If you are thinking about hiking Mt. Massive, you definitely should do it. It’s a wonderfully scenic hike and worth the effort.
Roughly 15 miles from Victorian era mining town Leadville, CO you will find the trailhead for Mt. Massive. Leadville is a great place to overnight and has some interesting stories to discover. It’s also a good spot to pick up any supplies you may need, or might have forgotten.
Standing 14,421 feet in height, Mt. Massive. is the third tallest peak in the lower 48 states and is the second highest peak in Colorado. Round trip from the trailhead to the peak and back is just shy of 14 miles, with an elevation gain of about 4,500 feet.
From the parking lot the first 3 miles of the trail are pretty easy and zen-like. A nice wide mostly shaded trail meanders through tall pines. The air smells delightful and the birds are chirping. It’s a small place in forest heaven for me. I am already glad I chose to hike Mt. Massive instead of Mt. Elbert.
There is one small stream crossing that has rocks you can lilypad across. So unless you come in early spring or there has recently been a heavy rain you shouldn’t worry about getting wet.
On the day we climbed this beauty we barely saw any other people on the trail. However, this is a popular hike so come during the week if you can. Most people choose to hike Mt. Elbert which is right next door.
Fresh Mountain Water
At the first stream crossing we decided to take a break and brew some tea with fresh mountain water. So we fired up our MSR version of a JetBoil and had boiling water in 2 minutes. It was peaceful to sit streamside and listen to the gurgling water. Once refreshed we continued on to the second stream crossing.
When you get to the second stream crossing there’s a well marked fork in the road. There you hang a left and continue up the mountain. Having left the easy part of the trail behind, you will notice some gain in elevation.
To the left side of the trail is the stream and on the right there are spread out pine trees on a hillside. We deviated from the main trail to follow a less worn trail near the river that had more shade. After a short while this trail opened up into a lush valley dotted with pine trees.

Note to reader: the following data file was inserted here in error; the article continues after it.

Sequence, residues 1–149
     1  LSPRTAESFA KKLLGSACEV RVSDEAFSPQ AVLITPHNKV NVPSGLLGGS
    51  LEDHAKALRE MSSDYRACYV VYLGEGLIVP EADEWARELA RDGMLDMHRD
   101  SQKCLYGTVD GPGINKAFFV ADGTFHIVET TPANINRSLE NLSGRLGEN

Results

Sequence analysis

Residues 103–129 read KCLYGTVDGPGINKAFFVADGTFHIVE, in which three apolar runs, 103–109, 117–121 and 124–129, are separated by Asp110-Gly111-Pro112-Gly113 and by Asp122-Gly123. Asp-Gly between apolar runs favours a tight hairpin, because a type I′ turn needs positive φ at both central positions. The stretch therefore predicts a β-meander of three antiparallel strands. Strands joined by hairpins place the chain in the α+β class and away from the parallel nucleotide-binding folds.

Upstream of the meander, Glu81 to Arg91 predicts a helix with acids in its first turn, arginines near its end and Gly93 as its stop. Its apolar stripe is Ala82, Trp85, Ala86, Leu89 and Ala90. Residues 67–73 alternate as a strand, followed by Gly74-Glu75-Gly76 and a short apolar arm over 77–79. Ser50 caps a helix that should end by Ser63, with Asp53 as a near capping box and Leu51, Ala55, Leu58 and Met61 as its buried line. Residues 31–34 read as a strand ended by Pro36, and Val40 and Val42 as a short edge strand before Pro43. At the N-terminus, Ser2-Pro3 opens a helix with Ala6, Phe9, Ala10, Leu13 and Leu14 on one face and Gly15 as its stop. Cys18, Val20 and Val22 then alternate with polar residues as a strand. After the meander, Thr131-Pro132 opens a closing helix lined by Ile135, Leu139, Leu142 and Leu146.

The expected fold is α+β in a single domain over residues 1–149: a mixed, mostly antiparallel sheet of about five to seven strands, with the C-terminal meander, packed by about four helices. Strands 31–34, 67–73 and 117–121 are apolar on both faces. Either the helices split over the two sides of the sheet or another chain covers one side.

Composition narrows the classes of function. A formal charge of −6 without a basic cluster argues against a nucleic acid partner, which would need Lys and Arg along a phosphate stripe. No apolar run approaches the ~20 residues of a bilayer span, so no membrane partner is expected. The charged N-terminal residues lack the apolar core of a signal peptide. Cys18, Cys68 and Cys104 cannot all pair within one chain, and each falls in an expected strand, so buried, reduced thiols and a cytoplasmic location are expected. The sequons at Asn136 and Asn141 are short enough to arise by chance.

We had allotted two days to do this hike and decided to camp next to the stream in the valley floor. Sheltered by pines we pitched our tents and relaxed the rest of the afternoon. It was hot during the day but the temperature plummeted overnight. I had packed my summer sleeping bag so I froze and didn’t get much sleep. Next time, I will bring a warmer sleeping bag if I plan to overnight above 10,000 feet!
Time To Summit
The following morning we took our time to make breakfast and warm up by the fire. Enjoying the mountain air and quiet. Our party had deviated a bit from the trail. So we ended up wandering our way through the valley and cutting through some forest to get back to the main trail.
Upon exiting the forest we found ourselves in a huge alpine meadow with views of Mt. Elbert and Leadville. From there we could see the summit and beelined to where we could see the trail in the distance.
At a certain point I started feeling winded. Having hiked many trails in Summit County. I had assumed I would be acclimated to the altitude. However, this was my first 14r and was surprised how thin the air gets once you go over 13,000 feet. I had never struggled in my life on a hike. This was the first time I found myself questioning whether I was going to be able to make the summit.
There was no way I was turning around! Pushing forward my steps became slower and my breathing heavier. Meanwhile my hiking partner Chase was blazing ahead of me. He does have the privilege of being much younger so I kept telling myself it was the age difference. I kept a steady pace. It can get a bit gusty at these elevations. Luckily I had packed my Arc’teryx lightweight windbreaker to cut the wind.
The last part of the climb is class one scramble. Which is essentially climbing up and over big rocks. No climbing gear required. This part was super fun for me, but also a bit harrowing. Some areas you are right on the edge of a several hundred food drop. Of course I like to look down. Maybe not the best idea.
When you get to the top of the scramble you think ahhh, I made it. But no, this is Mt. Massive. There is still about 1/4 of a mile to traverse along the top to the peak. It’s relatively easy since there is only a few feet gain in elevation in parts. I found it was a great time to take in the views and ponder what great a journey it had been. Down is the easy part. Just watch the knees.